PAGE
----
Since cold weather can trigger the CEL light to come on, let your car warm and see if the light disappears. If the light disappears, the weather is possibly the cause. Sometimes, the check engine light can even disappear on its own. But to be on the safe side, run a diagnosis.

Reach out to an expert (your last resort)

If the lights keep reappearing after doing all the above, you may need to take your car to a professional for proper diagnosis. Aside from the cold weather, there are many other factors that can trigger the check engine light to turn on.

Even in cases where you have the check engine light on but car runs fine, still have your car checked. The illumination of the CEL is an indication that something is not working as it should–minor or major. And only a proper diagnosis can point you to the issue.

Thankfully, the same process can fix any check engine light issues. So whether your Kia or Mazda CX-5 check engine light in cold weather comes on, you know exactly what to do.

Final words

The Check engine light in cold weather can come on for several reasons, including low oil level, frozen fuel and fuel lines, faulty sensors, battery, etc. To fix the issue, scan and clear any fault codes. You can, however, avoid these cold weather car issues by parking in an enclosed place and using less viscous oil.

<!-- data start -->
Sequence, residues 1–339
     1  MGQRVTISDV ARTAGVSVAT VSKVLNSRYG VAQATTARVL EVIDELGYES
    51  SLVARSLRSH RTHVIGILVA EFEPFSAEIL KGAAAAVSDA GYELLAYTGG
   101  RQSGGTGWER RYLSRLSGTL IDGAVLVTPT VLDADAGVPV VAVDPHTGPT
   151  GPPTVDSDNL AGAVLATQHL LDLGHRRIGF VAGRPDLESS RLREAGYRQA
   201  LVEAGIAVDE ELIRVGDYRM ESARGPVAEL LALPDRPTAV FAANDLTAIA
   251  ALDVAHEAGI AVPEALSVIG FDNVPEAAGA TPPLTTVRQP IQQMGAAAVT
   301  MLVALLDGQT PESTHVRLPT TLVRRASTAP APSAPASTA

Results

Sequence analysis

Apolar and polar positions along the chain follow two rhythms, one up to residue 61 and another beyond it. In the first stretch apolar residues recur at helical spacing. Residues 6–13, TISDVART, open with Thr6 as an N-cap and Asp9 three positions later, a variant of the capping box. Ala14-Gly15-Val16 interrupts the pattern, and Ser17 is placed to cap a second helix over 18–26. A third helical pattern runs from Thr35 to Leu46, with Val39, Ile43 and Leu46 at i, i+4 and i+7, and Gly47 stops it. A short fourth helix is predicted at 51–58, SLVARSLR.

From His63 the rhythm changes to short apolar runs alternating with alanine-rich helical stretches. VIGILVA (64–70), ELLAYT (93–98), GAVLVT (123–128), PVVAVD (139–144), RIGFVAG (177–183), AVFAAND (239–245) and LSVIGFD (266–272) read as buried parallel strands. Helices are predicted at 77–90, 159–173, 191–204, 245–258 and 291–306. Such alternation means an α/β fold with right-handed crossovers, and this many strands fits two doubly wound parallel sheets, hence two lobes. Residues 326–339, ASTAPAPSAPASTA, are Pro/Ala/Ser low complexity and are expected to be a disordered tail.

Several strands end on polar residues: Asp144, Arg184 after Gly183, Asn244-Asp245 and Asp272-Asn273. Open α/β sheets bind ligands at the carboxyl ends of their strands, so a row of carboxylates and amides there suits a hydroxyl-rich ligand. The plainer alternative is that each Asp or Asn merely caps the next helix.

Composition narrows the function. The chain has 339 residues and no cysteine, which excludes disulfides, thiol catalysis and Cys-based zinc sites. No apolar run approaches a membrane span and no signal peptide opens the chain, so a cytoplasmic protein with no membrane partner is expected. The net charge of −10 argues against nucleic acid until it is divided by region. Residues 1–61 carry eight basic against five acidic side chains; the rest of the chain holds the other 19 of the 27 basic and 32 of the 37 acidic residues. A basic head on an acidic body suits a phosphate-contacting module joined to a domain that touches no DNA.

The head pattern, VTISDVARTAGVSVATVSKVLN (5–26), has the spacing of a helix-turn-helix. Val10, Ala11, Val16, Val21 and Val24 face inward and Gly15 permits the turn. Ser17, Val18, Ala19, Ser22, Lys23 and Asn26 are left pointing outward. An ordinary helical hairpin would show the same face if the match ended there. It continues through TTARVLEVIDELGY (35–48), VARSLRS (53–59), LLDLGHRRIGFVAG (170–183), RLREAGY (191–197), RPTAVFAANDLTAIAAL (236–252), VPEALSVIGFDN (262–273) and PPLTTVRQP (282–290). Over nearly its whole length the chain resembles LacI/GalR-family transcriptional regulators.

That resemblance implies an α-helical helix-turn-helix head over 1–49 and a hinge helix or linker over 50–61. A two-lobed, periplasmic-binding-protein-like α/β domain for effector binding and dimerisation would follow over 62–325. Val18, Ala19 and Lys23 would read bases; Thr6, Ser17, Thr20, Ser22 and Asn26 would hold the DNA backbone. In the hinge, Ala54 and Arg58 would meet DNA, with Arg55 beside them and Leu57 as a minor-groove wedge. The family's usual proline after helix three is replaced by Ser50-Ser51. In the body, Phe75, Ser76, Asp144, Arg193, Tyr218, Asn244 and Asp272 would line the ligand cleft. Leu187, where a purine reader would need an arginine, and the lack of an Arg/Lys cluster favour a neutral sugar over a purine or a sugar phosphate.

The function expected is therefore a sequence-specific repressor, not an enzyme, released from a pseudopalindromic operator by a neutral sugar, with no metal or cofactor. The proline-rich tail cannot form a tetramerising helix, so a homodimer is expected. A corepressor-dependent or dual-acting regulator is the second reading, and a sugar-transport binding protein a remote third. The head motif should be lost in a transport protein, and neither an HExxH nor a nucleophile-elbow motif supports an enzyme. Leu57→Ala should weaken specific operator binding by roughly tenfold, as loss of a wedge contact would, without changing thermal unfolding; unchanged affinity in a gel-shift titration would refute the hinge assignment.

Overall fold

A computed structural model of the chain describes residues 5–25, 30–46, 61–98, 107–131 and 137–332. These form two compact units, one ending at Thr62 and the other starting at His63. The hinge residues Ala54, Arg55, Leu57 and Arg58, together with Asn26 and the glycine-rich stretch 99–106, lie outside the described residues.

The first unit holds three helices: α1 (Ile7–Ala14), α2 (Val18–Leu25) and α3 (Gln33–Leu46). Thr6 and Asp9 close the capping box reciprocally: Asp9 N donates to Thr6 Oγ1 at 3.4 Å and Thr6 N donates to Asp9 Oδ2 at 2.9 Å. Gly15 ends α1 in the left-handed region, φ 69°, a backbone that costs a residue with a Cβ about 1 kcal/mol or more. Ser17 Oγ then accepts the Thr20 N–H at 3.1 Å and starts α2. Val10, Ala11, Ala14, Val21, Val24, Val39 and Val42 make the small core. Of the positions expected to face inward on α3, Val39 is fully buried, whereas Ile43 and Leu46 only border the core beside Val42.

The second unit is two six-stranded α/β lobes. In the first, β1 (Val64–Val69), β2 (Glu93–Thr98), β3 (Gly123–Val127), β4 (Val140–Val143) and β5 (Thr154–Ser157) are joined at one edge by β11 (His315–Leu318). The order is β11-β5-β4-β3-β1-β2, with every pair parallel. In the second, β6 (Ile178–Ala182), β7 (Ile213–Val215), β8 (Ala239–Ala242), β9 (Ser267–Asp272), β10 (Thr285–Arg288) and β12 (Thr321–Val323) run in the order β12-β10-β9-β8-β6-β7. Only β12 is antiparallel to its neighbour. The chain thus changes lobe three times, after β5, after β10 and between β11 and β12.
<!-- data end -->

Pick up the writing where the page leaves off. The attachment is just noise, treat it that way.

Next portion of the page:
Using fuel additives with moisture control and ensuring all sensors are clean is also another way of preventing check engine light in cold weather. However, if all these are in place yet the CEL keeps appearing, there may be other issues. Take your car to an expert for proper diagnosis and fixes.

Osuagwu Solomon

Osuagwu Solomon is a certified mechanic with over a decade of experience in the mechanic garage, and he has over five years of experience in the writing industry. He started writing automotive articles to share his garage experience with car enthusiasts and armature mechanics. If he is not in the garage fixing challenging mechanical problems, he is writing automotive repair guides, buyer’s guides, and car and tools comparisons.